Tracy Chapman was one of the most remarkable album debuts in music history. On the strength of her hit "Fast Car," the album sold more than 10 million copies, and Chapman immediately became a superstar and gained prominence as a voice for the voiceless. Her songs, tales about the hopelessness of growing up poor, racism, corporate greed, male dominance, and a plethora of other socially charged topics, struck a resonant chord with the burgeoning, upwardly mobile "yuppie" generation. Months after the release of her debut album, Chapman was in the forefront of social relevancy as she performed in a satellite-linked concert at London's Wembley Stadium in celebration of Nelson Mandela's seventieth birthday. Soon after, she headlined the Human Rights Now Tour with Sting, Bruce Springsteen, and Peter Gabriel. It was a long way from the coffeehouses of Boston.
Chapman's image as a social crusader was further enhanced with her following efforts, Crossroads (1990) and Matters of the Heart (1991). The songs on these two recordings continue in the honest, issue-conscious vein of the debut album. However, Chapman became a victim of her own success as critics, expecting her to build on her extraordinary first effort, were harsh over the sameness of Crossroads and Matters of the Heart. Sales fell dramatically as fans grew weary of the melancholy material. Exhausted and disenchanted with stardom, Chapman, reticent by nature, entered a reclusive period. Yet she continued performing for causes such as AIDS Awareness, Farm Aid, Nelson Mandela's Freedomfest, Neil Young's Bridge School concerts, civil liberties, minority rights, environmental causes, gender equity, sexual freedom, and many others. She also performed in 1992 at New York's Madison Square Garden with a lineup of stars in the thirtieth anniversary tribute concert for Bob Dylan. She performed his "The Times They Are a Changin'."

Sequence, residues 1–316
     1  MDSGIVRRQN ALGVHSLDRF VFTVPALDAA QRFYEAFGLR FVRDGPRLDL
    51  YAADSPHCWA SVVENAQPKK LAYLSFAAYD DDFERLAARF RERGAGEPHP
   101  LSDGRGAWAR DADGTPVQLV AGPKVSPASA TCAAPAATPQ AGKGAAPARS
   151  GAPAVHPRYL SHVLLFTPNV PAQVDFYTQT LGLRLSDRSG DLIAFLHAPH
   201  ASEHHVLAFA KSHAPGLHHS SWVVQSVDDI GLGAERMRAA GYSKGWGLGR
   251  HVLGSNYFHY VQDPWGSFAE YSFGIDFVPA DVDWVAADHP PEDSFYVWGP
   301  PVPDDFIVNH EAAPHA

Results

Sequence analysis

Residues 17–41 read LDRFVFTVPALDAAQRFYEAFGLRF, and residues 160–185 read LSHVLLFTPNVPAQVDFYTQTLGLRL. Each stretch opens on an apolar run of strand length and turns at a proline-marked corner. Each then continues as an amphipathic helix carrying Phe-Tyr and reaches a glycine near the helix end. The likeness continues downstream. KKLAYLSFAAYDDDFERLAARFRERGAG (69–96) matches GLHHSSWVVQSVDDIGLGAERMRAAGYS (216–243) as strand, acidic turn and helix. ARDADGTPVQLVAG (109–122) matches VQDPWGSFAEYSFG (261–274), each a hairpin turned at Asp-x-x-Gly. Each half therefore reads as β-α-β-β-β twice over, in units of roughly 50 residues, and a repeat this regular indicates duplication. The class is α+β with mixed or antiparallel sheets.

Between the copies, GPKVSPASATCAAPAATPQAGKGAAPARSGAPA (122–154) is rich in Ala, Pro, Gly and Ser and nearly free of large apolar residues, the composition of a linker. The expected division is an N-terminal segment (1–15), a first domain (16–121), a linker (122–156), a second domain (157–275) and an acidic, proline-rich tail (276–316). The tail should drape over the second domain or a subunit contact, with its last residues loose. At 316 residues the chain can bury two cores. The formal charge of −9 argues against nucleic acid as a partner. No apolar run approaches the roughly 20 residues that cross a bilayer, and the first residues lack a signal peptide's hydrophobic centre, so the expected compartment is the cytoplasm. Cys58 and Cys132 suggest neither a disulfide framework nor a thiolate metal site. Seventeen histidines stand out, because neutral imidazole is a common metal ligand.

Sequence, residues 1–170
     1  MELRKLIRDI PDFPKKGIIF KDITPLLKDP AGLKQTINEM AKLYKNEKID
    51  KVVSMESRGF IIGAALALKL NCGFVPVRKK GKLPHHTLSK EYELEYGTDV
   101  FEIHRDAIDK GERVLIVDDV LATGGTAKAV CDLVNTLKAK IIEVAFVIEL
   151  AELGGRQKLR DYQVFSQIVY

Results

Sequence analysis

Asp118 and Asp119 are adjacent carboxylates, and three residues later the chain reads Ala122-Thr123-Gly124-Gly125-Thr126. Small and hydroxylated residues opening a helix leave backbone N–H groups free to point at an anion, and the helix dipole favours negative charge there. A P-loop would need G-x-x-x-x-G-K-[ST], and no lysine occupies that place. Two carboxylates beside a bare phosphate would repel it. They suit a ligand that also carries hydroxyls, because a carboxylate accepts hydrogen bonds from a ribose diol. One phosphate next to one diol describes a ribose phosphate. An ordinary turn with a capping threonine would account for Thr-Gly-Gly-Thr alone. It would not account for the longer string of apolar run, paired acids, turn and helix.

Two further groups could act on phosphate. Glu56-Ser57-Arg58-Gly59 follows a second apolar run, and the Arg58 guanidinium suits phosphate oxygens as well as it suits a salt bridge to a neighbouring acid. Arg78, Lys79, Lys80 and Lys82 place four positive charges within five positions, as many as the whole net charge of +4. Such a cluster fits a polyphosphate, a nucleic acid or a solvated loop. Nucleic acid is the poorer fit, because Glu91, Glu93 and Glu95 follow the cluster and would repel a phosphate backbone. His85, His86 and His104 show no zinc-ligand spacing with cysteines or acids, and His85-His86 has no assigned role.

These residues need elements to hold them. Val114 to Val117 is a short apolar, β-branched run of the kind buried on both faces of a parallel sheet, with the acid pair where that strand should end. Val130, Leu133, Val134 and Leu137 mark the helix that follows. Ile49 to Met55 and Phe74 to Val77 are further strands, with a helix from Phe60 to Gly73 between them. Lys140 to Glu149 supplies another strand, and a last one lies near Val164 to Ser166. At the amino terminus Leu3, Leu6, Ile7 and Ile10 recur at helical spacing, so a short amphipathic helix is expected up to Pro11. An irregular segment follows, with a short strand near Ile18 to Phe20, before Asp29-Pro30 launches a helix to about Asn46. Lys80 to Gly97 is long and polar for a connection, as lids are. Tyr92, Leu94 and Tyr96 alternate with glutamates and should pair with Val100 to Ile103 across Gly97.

In late 1995 Chapman released her fourth album, New Beginning. As in her debut album, New Beginning was helped by a hit single. "Give Me One Reason," a chunky, twelve-bar pop-blues showcasing Chapman's honeyed belt, became her largest hit and won a Grammy Award. Unlike earlier albums, her attention to social issues was blunted in favor of songs focused more on personal issues and relationship intimacies. With more than 4 million in sales, New Beginning is her best commercial effort since the debut recording. Backed by a new band, the usually solo-performing Chapman promoted the album in a series of tours that took her all over the world. She also recorded a duet with blues legend B.B. King on his album Deuces Wild (1997). The album has King performing duets with a number of stars and Chapman sings his signature "The Thrill Is Gone."
Chapman waited almost five years to release her next album, Telling Stories (2000). The title song was released as a single, and its lyric, "there is fiction in the space between you and me," speaks to an uncommitted lover or possibly to a larger entity such as the media. Only one song on Telling Stories, an ode to the unimportance of materialism called "Paper and Ink," resembles the socially relevant songs of her earlier albums.